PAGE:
Safaricom has reportedly reached the 5 million customers mark in Ethiopia less than a year after it launched services there, but despite a fairly solid growth rate, it still trails the market leader by a wide margin.

Mary Lennighan

August 24, 2023

3 Min Read
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Safaricom has reportedly reached the 5 million customers mark in Ethiopia less than a year after it launched services there, but despite a fairly solid growth rate, it still trails the market leader by a wide margin.

The mobile operator’s latest milestone puts it halfway to its target of signing up 10 million customers by the end of March next year, according to Africa’s Business Daily. The paper received official confirmation of the figure from Safaricom Chief Corporate Affairs Officer Stephen Kiptinness.

That 5 million figure is not in itself hugely newsworthy. But in the broader context of the nascent Ethiopian telecoms market, it is interesting.

Safaricom launched mobile services in Ethiopia in early October last year, becoming the first private player to do so and bringing competition to the market for the first time. At the time – and in the lengthy run-up to the launch of services; Safaricom secured its licence in May 2021, but discussions around the licensing process had been taking place for years – the market was viewed as one of the last great growth opportunities in the telecoms world. And to an extent, it still is. But state-owned incumbent Ethio Telecom has been on something of a growth spurt.

Ethio Telecom had a mobile customer base of just shy of 70 million at the end of June; no complicated maths needed to realise that’s orders of magnitude more than Safaricom has signed up. It’s also an increase of around 28 million in the four years since mid-2019, when the telco reported a mobile customer base of 41.9 million.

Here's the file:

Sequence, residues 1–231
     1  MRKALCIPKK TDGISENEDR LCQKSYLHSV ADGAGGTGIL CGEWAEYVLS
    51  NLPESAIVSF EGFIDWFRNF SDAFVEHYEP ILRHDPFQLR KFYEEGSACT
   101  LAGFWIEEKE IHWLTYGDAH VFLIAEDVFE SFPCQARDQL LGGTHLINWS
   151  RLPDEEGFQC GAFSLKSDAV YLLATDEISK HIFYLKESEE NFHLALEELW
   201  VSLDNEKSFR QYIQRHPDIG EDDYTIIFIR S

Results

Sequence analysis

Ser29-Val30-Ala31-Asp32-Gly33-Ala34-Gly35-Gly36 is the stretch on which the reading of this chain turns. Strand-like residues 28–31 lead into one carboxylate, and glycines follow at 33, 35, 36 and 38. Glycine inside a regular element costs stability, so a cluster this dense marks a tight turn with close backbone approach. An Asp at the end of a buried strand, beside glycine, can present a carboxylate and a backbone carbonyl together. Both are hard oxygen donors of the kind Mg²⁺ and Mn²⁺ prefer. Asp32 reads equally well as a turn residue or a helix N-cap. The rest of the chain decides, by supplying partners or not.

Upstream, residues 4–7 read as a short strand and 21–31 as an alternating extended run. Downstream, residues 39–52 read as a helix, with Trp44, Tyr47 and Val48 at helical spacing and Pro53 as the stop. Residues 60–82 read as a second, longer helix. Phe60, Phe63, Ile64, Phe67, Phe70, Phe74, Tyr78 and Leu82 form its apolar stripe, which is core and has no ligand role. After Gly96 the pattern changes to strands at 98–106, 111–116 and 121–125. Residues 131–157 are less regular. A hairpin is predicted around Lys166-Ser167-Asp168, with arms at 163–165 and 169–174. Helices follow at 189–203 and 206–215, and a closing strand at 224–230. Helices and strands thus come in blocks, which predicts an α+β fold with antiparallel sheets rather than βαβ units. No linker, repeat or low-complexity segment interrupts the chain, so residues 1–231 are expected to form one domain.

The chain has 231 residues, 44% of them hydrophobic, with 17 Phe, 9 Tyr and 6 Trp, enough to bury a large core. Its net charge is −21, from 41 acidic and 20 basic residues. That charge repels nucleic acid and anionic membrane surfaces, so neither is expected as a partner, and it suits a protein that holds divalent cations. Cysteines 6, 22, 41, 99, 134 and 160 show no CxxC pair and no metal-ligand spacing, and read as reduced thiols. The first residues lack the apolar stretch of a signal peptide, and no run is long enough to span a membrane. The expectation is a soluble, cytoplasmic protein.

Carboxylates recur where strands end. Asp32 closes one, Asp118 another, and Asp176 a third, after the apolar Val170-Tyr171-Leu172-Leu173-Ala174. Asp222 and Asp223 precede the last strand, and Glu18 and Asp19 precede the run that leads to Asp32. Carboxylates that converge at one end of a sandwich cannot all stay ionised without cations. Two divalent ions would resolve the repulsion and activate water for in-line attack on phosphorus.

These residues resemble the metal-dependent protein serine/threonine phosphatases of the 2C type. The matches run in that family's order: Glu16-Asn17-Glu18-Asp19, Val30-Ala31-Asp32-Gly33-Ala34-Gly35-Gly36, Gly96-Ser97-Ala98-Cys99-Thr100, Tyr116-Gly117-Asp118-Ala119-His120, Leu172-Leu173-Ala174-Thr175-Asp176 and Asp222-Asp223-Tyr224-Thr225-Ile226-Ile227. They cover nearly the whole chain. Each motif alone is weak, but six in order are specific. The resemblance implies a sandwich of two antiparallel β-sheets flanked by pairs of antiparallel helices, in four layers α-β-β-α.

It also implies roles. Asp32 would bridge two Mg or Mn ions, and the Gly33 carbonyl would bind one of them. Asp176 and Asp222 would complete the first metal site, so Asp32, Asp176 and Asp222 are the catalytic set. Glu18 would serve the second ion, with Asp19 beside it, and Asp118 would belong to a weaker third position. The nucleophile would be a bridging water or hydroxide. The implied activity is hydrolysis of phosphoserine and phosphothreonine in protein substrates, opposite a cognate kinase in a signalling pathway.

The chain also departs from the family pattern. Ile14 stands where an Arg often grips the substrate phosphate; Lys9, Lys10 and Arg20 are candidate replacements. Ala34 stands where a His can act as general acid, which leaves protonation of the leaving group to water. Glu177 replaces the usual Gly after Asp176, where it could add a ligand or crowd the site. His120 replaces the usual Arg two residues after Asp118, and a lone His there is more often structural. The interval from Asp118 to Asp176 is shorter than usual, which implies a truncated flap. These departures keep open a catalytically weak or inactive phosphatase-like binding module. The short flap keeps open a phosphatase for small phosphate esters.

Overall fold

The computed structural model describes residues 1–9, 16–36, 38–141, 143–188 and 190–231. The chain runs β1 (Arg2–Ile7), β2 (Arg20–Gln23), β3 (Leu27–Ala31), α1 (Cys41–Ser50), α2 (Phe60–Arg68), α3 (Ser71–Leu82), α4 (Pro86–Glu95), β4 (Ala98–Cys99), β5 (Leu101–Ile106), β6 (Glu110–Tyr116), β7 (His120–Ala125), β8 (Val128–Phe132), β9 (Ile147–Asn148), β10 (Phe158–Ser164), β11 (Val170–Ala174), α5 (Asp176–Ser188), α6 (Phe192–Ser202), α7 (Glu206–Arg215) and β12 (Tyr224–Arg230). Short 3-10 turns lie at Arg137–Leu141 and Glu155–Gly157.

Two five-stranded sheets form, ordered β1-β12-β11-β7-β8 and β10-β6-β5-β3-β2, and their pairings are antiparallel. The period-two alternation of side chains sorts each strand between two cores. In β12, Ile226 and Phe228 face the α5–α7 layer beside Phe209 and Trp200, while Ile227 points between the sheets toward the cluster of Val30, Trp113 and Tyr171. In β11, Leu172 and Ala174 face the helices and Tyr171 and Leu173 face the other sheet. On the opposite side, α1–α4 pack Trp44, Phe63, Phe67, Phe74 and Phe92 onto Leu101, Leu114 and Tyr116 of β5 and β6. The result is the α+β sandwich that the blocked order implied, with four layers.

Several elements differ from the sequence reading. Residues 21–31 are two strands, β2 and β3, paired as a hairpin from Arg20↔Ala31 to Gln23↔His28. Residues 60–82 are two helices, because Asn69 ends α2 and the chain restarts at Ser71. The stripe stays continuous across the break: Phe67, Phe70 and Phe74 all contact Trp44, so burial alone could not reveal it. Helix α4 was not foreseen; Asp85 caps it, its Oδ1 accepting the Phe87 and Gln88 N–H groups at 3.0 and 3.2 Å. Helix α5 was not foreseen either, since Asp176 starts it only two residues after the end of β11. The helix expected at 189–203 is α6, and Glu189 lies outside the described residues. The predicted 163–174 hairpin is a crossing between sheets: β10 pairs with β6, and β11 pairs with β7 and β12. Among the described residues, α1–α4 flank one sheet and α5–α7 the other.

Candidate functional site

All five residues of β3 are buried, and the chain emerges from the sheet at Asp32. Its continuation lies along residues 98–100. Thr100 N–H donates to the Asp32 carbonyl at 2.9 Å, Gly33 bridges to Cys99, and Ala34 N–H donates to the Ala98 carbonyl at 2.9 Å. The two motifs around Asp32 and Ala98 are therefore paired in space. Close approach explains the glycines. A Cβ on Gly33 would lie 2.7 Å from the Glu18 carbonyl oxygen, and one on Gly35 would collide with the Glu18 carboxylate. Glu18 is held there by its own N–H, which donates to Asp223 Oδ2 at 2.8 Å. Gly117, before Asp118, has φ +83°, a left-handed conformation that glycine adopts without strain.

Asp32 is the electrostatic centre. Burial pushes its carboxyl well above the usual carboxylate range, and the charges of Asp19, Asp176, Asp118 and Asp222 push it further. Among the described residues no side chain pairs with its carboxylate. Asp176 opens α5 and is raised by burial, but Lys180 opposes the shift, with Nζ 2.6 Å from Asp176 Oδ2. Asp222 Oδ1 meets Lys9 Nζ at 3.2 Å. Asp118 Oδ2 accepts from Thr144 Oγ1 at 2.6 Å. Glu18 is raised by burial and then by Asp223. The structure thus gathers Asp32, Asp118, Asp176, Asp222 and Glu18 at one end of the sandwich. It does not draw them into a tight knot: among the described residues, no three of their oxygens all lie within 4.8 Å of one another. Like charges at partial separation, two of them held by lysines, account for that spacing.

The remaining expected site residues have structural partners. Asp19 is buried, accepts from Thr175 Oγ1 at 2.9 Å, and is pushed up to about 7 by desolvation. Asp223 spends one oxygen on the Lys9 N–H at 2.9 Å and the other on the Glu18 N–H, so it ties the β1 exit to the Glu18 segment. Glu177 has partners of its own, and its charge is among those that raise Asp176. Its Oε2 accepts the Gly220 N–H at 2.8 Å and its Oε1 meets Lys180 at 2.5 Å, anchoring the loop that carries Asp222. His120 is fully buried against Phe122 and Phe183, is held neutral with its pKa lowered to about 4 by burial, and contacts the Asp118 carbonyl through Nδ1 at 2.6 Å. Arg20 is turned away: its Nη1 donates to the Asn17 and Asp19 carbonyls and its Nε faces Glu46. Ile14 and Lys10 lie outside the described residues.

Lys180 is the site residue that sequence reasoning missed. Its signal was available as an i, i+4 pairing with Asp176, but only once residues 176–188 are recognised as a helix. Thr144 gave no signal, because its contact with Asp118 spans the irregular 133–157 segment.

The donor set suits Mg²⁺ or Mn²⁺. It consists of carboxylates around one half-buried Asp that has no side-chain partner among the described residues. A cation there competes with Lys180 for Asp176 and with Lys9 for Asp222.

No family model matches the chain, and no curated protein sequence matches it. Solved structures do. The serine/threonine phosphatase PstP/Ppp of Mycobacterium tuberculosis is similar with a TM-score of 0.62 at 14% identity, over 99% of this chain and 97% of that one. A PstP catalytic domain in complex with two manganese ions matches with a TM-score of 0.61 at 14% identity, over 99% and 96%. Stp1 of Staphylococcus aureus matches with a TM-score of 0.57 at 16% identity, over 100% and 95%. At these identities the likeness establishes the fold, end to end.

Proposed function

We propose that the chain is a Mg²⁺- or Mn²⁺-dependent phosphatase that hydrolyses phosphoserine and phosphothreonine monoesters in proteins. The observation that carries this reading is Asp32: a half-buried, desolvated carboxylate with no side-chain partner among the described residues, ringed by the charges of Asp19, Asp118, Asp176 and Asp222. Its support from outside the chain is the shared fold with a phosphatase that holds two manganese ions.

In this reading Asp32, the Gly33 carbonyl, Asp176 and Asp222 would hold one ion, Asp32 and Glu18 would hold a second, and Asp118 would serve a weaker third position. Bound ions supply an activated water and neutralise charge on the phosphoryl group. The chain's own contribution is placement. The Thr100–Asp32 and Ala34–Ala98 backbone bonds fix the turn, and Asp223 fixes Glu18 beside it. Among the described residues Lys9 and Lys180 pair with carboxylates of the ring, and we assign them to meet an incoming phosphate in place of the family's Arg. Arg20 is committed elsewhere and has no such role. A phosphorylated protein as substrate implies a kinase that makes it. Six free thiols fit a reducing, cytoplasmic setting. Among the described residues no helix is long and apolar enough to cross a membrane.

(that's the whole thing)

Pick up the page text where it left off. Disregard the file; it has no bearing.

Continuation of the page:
It’s likely that the Telebirr mobile money service Ethio Telecom launched in 2021 has had an impact on customer growth and that could be good news for Safaricom.

Telebirr had attracted 34.3 million subscribers as of mid-2023 with a total transaction value of 679.2 billion birr ($12.4 billion).

But while Ethio Telecom had a monopoly on mobile financial services for some time, a restriction that may well have proved to be a detractor for international telcos interested in entering the market, Safaricom has now joined the fray. It brought M-Pesa to Ethiopia just last week, three months after acquiring the required permits.

“We are excited to go live with M-Pesa in Ethiopia and start providing Mobile Financial Services to our customers,” said Stanley Njoroge, Interim CEO of Safaricom Ethiopia. “M-Pesa is known to be a game-changer for financial inclusion and provides services to more than 51 million customers across seven countries in Africa offering a safe and secure platform for transactions.”

Njoroge may not have said it, but M-Pesa could prove to be a game-changer for Safaricom in Ethiopia too. It is signing up customers relatively quickly, having now apparently added 2 million since its Q1 numbers in March, but it needs to accelerate uptake, particularly in view of the prospect of new competition in the market before too long.

When Safaricom won its operating licence just over two years ago there were two up for grabs, but the second didn’t sell, the government rejecting MTN’s bid. The government formally reopened the licensing process a month ago and made it clear that it is still looking to attract another international telco to the market.

Amongst other things, the government is touting the opportunity for any new player to offer mobile financial services, which underscores the importance of that business to telecoms operators in Ethiopia.


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About the Author(s)

Mary Lennighan

Mary has been following developments in the telecoms industry for more than 20 years. She is currently a freelance journalist, having stepped down as editor of Total Telecom in late 2017; her career history also includes three years at CIT Publications (now part of Telegeography) and a stint at Reuters. Mary's key area of focus is on the business of telecoms, looking at operator strategy and financial performance, as well as regulatory developments, spectrum allocation and the like. She holds a Bachelor's degree in modern languages and an MA in Italian language and literature.

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